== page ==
Fourth member of £12m counterfeiting group jailed

A fourth member of an organized crime group has been jailed for conspiring to provide more than £12million worth of counterfeit banknotes.

Farningham resident Andrew Ainsworth, 61, was convicted of conspiracy to produce counterfeit money following a trial at Woolwich Crown Court in March 2022. He was sentenced to five years and a half Friday, April 29.

His imprisonment follows a lengthy investigation by specialist detectives from the Serious Crime Branch of Kent and Essex, including the largest seizure of counterfeit money at face value in UK history following of a raid on an industrial unit in Beckenham, Kent, in 2019.

Support was also provided by the Bank of England and National Crime Agency (NCA) counterfeiting officers.

Three other members of the same criminal network to which Ainsworth belonged were sentenced to a combined total of 22½ years in January 2021, after admitting their involvement in the plot.

Four other men were found not guilty after standing trial alongside Ainsworth.

Detectives were able to prove that Ainsworth had strong financial and personal ties to those who had previously admitted involvement in the plot. This included his presence at meetings the band held in public and his presence at Beckenham’s print shop.

An investigation into the group’s activities began in January 2019. This was around the same time that the Bank of England identified a new counterfeit paper £20 note entering circulation, which appeared to have been produced at the using printing equipment “that would normally be associated with a company that produces large volumes of magazines or flyers”.

Kent Police said Print week last year that a Heidelberg GT Platen was used to foil the notes, while the printing machine at the site of the police raid, which was allegedly used to print the notes themselves, was a Heidelberg Speedmaster.

Inquiries established that parts and materials associated with the production of counterfeit money on a commercial scale had been ordered and linked to a printing press belonging to one of the conspirators at Kent House Lane, Beckenham.

After several months of investigation into those suspected of being involved, including the analysis of mobile phones, a search warrant was issued to the press on May 4, 2019.

Inside, officers found two men surrounded by printing equipment and large piles of counterfeit £20 notes, which were later confirmed to have a total face value of £5.25million.

A pallet of counterfeit money discovered in Beckenham. Image: Kent Police

A subsequent search for an address in Longfield led to the discovery of a list of names with numbers next to them which totaled 5.25 million – the same value as the counterfeit notes. Names on the list included those that belonged to or were nicknames of people suspected of being involved in the plot, including Ainsworth.

In the months that followed, other large quantities of counterfeit notes they allegedly printed continued to be discovered.

On October 9, 2019, a dog walker found around £5million worth of fake banknotes thrown away at the Belvedere. A further £200,940 was found strewn along the railway line between Farningham and Longfield on January 15, 2020, with the Bank of England having already identified and removed around £1.8million from general circulation.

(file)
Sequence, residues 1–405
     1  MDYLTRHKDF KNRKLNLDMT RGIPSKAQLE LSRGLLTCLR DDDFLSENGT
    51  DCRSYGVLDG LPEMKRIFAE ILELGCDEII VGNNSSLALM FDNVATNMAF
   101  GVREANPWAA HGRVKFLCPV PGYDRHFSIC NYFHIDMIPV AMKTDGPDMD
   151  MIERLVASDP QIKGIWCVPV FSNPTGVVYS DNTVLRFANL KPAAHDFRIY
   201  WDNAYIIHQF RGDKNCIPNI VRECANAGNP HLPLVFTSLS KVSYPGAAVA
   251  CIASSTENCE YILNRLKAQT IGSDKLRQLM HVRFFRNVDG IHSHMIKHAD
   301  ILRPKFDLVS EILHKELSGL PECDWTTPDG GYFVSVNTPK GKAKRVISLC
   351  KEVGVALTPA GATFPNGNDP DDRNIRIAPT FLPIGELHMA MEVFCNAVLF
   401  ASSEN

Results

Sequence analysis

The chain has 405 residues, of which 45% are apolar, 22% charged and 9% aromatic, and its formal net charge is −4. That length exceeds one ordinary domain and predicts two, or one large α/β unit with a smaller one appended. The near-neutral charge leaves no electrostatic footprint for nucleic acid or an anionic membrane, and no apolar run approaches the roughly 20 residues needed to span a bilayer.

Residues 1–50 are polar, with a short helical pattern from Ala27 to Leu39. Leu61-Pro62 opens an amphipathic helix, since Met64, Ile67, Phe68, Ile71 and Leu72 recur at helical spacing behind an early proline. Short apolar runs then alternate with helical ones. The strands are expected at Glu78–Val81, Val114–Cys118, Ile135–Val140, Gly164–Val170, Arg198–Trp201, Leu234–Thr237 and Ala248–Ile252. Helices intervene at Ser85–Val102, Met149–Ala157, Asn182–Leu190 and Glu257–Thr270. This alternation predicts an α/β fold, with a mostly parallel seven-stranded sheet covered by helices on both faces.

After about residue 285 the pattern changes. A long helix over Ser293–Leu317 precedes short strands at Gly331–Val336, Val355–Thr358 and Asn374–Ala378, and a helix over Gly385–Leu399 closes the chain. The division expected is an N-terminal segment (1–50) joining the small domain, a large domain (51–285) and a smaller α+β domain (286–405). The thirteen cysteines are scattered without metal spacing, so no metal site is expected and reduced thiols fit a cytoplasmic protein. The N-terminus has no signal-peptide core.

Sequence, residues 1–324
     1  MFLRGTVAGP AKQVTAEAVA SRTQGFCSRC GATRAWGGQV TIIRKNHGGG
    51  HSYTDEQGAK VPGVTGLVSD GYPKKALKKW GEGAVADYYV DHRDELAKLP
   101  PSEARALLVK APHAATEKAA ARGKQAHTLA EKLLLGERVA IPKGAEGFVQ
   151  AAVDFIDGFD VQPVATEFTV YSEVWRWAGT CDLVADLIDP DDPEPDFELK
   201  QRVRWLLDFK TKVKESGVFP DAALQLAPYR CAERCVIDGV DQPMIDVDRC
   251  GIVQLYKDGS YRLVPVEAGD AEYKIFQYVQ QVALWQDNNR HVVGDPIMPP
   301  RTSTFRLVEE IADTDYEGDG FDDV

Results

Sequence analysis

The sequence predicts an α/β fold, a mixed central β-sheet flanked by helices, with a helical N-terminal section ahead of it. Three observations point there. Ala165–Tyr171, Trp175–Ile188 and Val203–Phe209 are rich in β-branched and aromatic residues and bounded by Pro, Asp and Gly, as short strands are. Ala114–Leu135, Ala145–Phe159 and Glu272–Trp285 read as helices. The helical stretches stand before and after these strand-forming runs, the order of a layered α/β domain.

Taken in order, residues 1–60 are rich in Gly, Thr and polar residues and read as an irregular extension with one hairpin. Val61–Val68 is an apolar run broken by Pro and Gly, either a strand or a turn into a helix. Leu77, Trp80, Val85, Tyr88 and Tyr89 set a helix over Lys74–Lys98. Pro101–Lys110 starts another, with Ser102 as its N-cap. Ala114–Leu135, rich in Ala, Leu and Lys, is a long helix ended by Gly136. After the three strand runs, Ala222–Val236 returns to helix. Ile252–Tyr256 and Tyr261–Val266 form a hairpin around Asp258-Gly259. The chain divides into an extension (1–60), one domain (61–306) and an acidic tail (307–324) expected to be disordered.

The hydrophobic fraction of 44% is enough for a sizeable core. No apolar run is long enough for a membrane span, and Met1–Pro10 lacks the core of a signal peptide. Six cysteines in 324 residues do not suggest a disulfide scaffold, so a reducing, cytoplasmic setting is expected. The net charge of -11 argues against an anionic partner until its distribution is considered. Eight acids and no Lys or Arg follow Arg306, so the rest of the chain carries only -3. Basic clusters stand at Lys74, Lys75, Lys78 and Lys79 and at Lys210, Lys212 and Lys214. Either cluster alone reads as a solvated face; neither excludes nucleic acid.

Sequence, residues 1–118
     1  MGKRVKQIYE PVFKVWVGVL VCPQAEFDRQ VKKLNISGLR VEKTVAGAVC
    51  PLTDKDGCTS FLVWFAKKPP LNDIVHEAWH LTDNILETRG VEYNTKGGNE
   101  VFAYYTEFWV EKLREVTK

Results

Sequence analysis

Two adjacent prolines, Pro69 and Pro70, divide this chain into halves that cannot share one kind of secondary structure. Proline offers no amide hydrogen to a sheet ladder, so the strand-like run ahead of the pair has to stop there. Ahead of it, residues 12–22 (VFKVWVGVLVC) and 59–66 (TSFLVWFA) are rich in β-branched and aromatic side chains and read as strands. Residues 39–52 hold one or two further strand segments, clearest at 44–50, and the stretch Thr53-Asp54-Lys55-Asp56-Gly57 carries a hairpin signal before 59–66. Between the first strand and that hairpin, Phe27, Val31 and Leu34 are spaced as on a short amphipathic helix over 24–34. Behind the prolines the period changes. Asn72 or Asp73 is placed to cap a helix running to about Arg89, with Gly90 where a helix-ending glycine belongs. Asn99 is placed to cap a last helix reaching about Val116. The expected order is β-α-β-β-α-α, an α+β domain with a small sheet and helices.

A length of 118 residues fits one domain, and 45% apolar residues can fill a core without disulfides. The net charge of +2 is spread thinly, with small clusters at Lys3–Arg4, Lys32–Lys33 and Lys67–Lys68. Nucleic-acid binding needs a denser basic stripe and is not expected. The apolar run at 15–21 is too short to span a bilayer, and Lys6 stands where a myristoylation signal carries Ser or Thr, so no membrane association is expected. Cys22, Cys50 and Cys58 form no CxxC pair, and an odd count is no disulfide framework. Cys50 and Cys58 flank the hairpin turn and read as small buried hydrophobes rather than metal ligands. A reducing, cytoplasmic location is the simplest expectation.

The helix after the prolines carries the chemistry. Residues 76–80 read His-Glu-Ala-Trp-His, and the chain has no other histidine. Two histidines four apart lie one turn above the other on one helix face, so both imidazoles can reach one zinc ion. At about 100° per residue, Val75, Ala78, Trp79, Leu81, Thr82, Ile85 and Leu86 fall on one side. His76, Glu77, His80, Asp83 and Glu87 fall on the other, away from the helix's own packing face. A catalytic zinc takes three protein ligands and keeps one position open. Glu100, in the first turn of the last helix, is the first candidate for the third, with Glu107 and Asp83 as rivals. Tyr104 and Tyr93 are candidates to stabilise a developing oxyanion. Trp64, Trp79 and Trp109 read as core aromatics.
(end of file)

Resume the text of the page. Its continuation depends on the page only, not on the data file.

The printed £20 notes were all in the old paper style, as happened before the Bank of England’s new polymer £20 note came into circulation in February 2020.

Deputy Chief Constable Andrew Pritchard, head of the Kent and Essex Serious Crime Branch, said: ‘Andrew Ainsworth’s conviction marks the culmination of a complex investigation in which nothing has been spared to suppress an organized crime group that has gone to great lengths to literally create their own wealth.

“Counterfeiting is not a victimless act as it directly funds other types of serious organized crime and harms the UK economy by creating losses for businesses which ultimately affects the cost of the things we buy. It also has a direct impact on those who receive counterfeit notes in exchange for goods or services, and who are unable to pass on what are essentially worthless pieces of paper.

He added: ‘The print shop our officers raided in Beckenham was believed to be producing magazines, leaflets and leaflets, but instead contained the largest amount of counterfeit money ever discovered in the UK. It was a professionally run operation, but those involved were naive if they thought they could proceed undetected.

“Kent Police remain committed to working with partners including the NCA and the Bank of England to ensure those who print counterfeit money are brought to justice, sending a clear message to others that this type of offense is not tolerated.”

One of the members of the same criminal network to which Ainsworth belonged and who has already been convicted was Nick Winter of Elmers End Road, Beckenham, who was jailed for six years on December 21, 2020.

Companies House lists a disqualification by court order on 21 December 2020 for Nicholas Winter, born in January 1962, for conduct while acting for WDP Ronco, under the Company Directors Disqualification Act 1986 (Section 2 ). His disqualification began on January 11, 2021 and runs until January 10, 2027.

On Companies House filings for WDP Ronco, Nick Eliott Winter, born in January 1962, is listed as one of the directors of the printing works who, according to the London Gazette, had traded from the Gardner Industrial Estate in Kent House Lane , Beckenham until it went into liquidation in October 2019.

Another company, We Do, has listed a Nicholas Elliot Winter, born in January 1963, as a director. Dissolved in October 2020 by voluntary delisting, the company’s former name was Daleholm, whose records show the same Nick Eliott Winter listed for WDP Ronco as a former director who resigned in 2010.

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